unlikely to lead to, say, a heterodox post-Keynesian explanation of the crisis becoming the
mainstream, or any other fundamental change in howmainstreammacro theory is conducted.
The reason why little change will occur is that method is embodied in institutions
within which economists work. Unless those institutions change, method will not change.
Given current institutions, the mainstream approaches will continue to dominate in much
D. Colander 422
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the same way as over the past decades. Within mainstream economics, there will be some
shuffling; some work on the edge of the mainstream will be given more prominence and
some at the center will be given a bit less. But, it will just be a reshuffling of mainstream
work, not a replacement of mainstream work with heterodox work.
Viewing method as embodied in institutions is important to understanding how the
economics profession evolves. The policy ‘views’ attributed to the profession are the
composite views of a large number of economists, most of whomare working on small bits of
the economic puzzle. Conventional policy views are not the carefully thought-out views of
any single individual whose specialty is in integrating the large picture of research into policy.
Instead, these conventional views are constructed composite views, arrived at by journalists
and other economist watchers who translate the profession’s work for lay people. This means
that what is seen as the conventional wisdom of economists reflects a biased aggregation
procedure that too heavily weights views of economists willing to speak with journalists.
This method of determining conventional mainstream policy views likely gives those
mainstream macro economists who are willing to draw strong policy conclusions from the
models much greater weight than they would otherwise receive. The reason is that those
mainstream economists who are doing mainstream work, but do not see it as having direct
policy relevance, because they believe that policy does not follow directly from models in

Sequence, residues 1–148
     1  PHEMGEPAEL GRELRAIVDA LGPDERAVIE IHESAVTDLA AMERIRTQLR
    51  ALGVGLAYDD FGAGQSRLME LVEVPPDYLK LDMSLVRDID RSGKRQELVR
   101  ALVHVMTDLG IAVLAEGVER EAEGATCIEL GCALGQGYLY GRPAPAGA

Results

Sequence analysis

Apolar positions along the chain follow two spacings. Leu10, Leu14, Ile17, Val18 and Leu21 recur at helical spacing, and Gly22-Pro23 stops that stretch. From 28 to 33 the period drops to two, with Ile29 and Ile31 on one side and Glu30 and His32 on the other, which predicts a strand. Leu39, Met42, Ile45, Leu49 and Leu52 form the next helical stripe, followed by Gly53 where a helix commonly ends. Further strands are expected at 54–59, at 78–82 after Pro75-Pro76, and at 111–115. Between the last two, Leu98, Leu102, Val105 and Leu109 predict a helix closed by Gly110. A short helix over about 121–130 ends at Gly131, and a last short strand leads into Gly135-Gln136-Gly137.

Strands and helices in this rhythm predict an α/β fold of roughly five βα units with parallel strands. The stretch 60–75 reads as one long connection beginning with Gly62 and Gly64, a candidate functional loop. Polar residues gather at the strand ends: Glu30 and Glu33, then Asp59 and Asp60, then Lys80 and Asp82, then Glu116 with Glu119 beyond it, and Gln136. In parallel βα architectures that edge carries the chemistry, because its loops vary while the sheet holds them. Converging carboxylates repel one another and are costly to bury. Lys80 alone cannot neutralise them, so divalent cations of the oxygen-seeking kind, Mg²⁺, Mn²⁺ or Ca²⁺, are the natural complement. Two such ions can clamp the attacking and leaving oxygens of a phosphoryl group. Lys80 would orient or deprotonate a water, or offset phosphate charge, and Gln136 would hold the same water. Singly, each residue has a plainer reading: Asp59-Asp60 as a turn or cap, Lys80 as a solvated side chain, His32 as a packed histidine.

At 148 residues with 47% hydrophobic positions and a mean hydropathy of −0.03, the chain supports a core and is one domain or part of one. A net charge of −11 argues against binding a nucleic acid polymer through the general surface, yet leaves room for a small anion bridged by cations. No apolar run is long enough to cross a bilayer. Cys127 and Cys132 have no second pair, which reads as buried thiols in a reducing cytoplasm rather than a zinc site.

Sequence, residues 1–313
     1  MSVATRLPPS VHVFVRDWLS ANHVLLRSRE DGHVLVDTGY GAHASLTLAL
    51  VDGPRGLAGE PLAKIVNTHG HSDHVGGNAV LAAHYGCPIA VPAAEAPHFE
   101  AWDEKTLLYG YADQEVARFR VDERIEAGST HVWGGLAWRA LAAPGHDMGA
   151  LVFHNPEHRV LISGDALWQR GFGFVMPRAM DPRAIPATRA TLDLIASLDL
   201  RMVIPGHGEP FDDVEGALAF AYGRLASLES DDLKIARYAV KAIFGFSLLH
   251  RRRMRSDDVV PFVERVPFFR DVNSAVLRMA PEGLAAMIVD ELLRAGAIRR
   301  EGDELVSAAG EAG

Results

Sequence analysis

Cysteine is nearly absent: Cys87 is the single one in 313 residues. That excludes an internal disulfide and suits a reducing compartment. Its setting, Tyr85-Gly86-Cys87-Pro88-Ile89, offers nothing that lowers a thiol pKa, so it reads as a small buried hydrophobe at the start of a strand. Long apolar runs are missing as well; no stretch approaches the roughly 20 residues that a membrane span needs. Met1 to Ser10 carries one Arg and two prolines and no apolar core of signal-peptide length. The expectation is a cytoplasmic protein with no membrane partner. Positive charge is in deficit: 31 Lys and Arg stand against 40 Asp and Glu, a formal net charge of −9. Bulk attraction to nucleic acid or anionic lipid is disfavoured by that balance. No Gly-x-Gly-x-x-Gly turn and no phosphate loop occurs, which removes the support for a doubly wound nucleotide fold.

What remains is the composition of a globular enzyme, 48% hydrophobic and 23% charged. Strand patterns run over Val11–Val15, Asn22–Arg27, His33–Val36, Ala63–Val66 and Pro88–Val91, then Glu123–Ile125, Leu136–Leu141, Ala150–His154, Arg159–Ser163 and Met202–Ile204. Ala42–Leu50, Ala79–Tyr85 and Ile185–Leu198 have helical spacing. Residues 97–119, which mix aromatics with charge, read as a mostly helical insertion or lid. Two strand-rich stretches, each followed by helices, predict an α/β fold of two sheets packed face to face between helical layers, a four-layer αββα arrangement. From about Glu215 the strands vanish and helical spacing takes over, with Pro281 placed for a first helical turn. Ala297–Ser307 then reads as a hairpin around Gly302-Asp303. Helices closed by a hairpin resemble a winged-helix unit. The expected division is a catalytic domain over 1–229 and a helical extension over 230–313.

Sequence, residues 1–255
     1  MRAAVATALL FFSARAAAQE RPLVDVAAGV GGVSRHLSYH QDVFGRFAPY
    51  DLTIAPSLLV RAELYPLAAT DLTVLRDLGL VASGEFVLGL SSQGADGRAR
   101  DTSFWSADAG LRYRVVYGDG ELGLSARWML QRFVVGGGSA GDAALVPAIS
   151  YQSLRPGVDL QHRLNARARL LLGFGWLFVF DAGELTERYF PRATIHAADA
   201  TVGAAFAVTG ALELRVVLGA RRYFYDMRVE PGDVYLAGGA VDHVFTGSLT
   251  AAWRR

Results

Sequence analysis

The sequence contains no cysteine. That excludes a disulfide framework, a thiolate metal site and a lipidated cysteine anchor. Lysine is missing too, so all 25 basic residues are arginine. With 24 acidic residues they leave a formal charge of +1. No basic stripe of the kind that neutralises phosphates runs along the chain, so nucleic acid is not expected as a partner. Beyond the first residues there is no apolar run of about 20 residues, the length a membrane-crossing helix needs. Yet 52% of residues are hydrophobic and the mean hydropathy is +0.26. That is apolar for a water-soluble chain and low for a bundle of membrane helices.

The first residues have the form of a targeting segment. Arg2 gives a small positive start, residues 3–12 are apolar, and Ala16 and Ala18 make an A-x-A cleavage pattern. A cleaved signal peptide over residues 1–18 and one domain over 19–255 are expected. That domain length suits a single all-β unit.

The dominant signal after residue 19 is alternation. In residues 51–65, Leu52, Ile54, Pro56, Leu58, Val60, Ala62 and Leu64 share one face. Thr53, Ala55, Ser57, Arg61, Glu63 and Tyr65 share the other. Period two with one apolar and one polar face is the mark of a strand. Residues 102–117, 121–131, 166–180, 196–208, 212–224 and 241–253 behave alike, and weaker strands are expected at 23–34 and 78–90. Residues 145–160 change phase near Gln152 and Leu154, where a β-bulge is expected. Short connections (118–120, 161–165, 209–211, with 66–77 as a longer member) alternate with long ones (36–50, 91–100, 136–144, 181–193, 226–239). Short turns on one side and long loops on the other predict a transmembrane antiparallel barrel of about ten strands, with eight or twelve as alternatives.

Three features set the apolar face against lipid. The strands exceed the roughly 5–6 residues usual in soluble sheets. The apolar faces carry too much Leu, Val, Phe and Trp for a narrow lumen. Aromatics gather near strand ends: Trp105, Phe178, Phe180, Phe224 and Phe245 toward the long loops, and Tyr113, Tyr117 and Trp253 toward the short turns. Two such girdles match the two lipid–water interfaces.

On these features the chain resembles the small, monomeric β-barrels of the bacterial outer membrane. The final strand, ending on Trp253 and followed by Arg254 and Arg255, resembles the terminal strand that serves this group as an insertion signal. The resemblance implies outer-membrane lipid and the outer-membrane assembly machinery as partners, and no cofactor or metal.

their current state of development, can only say that their research is not directly relevant for
policy. Thus their policy views do not enter into the weighting. Moreover, since self-
described heterodox economists do not see themselves as part of the mainstreameconomics
profession, almost by definition they receive almost no weight in this aggregation procedure
of the profession’s views.
Because the views attributed to the economics profession are an ad hoc weighted
average of a small subset of economists, most mainstream economists will likely differ,
some substantially, from that view. This leads to views such as Maskin’s – when the
conventional mainstream view seems to fail, they do not see it as a mainstream economic
view being wrong; instead they believe that it was inappropriate conventional wisdom;
what were presented as economists’ beliefs, were not in fact economists’ beliefs. It also
means that changes in the mainstream conventional wisdom can occur as the journalist
aggregators change their aggregation methods, even when no economist has changed his
or her view. For example, the conventional wisdom is that over the last decades
economists’ views of policy have swung from Keynesian activist to neo-liberal, and are
now swinging back to Keynesian activist. My view is that conventional policy views have
only changed slightly during much of this period and that those swings have not been the
result of changing economic models. The supposed swings in economists’ conventional
wisdom have in large part reflected self-reinforcing changing aggregators.
Because most mainstream economists do not believe that the conventional wisdom
attributed to economists reflects his or her views, and there is actually a wide range of policy
views held by mainstreameconomists, the mainstreamis not especially fazed by events that
do not fit what was seen as the conventional mainstream wisdom, because that aggregated
conventional wisdomdid not reflect the conventional wisdomheld by many members of the
mainstream. Many methodological discussions miss this element of the economics
profession because they discuss method as if it is a choice variable of what might be called a
‘representative researcher’ searching for the truth. There is no ‘representative researcher’ in
the economics profession searching for the truth by reflecting on the nuances of policy in
relation to all the limitations of models. That’s not what economists are trained to do nor
what they have an incentive to do. Instead, there are many different researchers working to
advance their careers following their incentives created by the institutional structure within
Journal of Economic Methodology 423
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which they work. While a belief of others that a researcher is searching for the truth may play
a positive role in advancing an economist’s career the incentive to search for the truth is
dominated by other more local incentives for a successful researcher.
If it were easy to discover the degree to which a researcher is searching for the truth, it
would likely play a more important role. Unfortunately, it is not easy. Howone’s work relates
to searching for the truth is difficult to discern when one is only working on a small part of a